Moshe Kotlarsky

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Moshe J. Kotlarsky is an Orthodox Hasidic rabbi and works for the Merkos L'Inyonei Chinuch, the educational arm of the Chabad-Lubavitch movement which oversees 4,000 religious and educational institutions worldwide.[1]

Activities[edit]

In 1984 as a young talented man, Kotlarsky was called upon by Rabbi Yehuda Krinsky, a secretary of the Rebbe, Rabbi Menachem M. Schneerson and asked to help work in the office. Since then, among various tasks, he has helped arranged the Kinus Hashluchim, the international conference of Chabad emissaries which takes place in New York each fall, eventually serving as it's chairman.[2] At the conference, over 4,000 emissaries and their families participate in workshops, social events, a shared Shabbat and a banquet.[3]

Personal life[edit]

Moshe is the son of Rabbi Tzvi Yosef (Hershel) Kotlarsky (d. 2008), a native of Otwosk, Poland[4] who spent the war years in Shanghai.[5] The elder Rabbi Kotlarsky was a member of the administration of Yeshiva Tomchei Temimim, the main Lubavitch yeshiva in Crown Heights, Brooklyn, for over 40 years.[4]

Kotlarsky married Rivka Kazen, one of the six daughters of Rabbi Shlomo Schneur Zalman Kazen, who opened the first Jewish girls school in France in 1946 upon the directive of the previous Lubavitcher Rebbe, Rabbi Yosef Yitzchak Schneersohn. Rivka was born in Paris, where the school was located. In 1953 Kazen moved his growing family to America and settled in Cleveland, Ohio.[6] Kazen's only son, Rabbi Yosef Yitzchak Kazen (1954–1998), became a Chabad pioneer in the use of internet and email technology to spread Jewish knowledge.[7]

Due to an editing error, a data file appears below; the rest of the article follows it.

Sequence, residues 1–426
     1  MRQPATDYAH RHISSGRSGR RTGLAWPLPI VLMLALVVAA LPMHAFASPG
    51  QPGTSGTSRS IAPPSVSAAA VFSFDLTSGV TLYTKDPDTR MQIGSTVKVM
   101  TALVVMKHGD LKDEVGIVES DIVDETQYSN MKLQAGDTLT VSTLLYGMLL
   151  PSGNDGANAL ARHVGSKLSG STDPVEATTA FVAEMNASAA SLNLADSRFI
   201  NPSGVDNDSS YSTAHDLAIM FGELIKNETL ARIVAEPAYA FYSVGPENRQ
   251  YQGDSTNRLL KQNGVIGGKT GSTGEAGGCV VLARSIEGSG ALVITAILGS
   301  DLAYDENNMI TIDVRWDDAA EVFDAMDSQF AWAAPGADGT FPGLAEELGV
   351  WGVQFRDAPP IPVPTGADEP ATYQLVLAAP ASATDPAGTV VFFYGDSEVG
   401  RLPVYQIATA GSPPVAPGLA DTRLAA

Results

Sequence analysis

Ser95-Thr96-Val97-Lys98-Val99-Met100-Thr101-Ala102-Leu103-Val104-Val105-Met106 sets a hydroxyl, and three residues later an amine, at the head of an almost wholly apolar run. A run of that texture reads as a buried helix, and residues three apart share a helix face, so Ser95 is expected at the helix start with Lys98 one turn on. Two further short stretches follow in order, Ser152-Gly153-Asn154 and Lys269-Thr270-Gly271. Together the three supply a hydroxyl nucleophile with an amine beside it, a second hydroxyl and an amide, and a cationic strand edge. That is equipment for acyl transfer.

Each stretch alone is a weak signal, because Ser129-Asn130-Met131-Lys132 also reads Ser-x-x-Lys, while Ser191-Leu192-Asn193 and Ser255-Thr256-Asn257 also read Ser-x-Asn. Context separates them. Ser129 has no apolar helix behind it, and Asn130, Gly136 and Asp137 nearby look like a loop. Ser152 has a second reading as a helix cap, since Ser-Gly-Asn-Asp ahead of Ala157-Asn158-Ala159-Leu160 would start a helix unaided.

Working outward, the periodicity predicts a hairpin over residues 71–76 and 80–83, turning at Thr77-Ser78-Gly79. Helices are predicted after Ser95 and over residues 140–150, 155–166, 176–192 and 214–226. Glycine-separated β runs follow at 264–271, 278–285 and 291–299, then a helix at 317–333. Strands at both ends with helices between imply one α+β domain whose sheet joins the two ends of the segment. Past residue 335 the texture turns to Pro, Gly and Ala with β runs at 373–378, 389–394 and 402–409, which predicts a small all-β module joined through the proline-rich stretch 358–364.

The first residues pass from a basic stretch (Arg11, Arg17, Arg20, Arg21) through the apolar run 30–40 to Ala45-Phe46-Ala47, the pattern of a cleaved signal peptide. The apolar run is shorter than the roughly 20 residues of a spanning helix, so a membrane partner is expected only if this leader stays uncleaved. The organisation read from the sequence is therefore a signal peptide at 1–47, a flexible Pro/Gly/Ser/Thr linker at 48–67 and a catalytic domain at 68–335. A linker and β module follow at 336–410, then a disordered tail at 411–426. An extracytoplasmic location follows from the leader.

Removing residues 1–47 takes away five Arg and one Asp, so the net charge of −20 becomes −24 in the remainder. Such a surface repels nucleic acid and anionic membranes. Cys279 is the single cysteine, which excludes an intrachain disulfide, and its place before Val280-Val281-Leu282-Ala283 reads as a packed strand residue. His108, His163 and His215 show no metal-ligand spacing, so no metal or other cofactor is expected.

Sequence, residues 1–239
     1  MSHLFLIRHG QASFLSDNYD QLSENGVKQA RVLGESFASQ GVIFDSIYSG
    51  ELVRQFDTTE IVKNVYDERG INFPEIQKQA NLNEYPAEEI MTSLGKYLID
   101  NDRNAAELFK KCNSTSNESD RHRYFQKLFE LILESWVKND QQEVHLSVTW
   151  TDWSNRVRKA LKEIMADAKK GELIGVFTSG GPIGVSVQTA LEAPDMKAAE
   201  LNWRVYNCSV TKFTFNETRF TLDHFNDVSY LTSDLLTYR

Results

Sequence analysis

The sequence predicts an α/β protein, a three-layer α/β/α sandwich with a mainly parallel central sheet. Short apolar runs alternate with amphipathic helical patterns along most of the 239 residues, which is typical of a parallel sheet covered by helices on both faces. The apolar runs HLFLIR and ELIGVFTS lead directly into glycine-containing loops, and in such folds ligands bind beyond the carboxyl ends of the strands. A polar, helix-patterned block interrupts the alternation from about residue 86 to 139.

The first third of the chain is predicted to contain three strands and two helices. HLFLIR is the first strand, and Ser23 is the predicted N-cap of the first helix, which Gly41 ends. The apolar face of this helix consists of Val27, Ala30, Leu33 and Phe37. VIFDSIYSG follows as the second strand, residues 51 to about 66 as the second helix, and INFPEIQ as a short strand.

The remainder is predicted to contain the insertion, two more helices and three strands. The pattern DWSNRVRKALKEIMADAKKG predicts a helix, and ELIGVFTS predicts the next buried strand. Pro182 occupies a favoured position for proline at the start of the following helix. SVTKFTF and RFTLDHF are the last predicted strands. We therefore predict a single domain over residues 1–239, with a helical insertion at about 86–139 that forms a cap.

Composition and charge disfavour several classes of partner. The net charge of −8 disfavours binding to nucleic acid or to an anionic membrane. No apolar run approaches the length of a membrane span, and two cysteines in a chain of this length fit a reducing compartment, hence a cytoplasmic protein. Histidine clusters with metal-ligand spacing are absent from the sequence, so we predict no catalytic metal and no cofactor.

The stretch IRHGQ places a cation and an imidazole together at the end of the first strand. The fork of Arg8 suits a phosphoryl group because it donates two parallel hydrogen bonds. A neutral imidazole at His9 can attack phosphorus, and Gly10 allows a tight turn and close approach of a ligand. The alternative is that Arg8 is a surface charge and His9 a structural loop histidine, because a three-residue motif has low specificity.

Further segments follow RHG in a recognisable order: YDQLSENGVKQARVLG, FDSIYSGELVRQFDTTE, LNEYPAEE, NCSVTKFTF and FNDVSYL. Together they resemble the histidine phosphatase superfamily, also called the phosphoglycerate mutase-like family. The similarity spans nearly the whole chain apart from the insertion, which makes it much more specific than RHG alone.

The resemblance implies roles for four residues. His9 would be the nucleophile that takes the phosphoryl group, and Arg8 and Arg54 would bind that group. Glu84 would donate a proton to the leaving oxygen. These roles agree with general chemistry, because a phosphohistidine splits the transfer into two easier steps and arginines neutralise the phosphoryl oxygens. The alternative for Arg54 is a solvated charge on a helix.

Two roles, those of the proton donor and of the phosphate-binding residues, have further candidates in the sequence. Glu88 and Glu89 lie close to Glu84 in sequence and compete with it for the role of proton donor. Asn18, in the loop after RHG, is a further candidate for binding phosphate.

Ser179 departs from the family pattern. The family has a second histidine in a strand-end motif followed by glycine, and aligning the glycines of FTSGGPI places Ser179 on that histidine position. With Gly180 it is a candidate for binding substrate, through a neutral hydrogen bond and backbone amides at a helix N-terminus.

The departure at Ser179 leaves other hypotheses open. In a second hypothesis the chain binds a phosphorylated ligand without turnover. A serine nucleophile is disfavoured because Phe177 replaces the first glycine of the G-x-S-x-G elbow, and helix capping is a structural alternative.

References[edit]

  1. ^ "Forward 50, 2008". The Jewish Daily Forward. 2008. Retrieved 7 February 2011. 
  2. ^ "PHOTOS & VIDEOS: More Than 4,000 Chabad Shluchim Gather For Annual Convention". Yeshiva World News. 8 November 2010. Retrieved 7 February 2011. 
  3. ^ Bensoussan, Barbara (3 November 2010). "Colossal Convergence". Mishpacha. Retrieved 7 February 2011. 
  4. ^ a b "Rabbi Tzvi Yosef Kotlarsky OBM". shturem.org. 8 December 2008. Retrieved 7 February 2011. 
  5. ^ "Center Revives Shanghai's Jewish History". The Scribe. 2005. Retrieved 7 February 2011. 
  6. ^ Groner, Rishe. "Kazen Sisters". Binah Sisters Supplement, Pesach 5772, pp. 26–31. Retrieved 28 April 2012.
  7. ^ Zaklikowski, Dovid (2008). "Pioneer of the Jewish Internet Had a Passion for People". chabad.org. Retrieved 7 February 2011. 

External links[edit]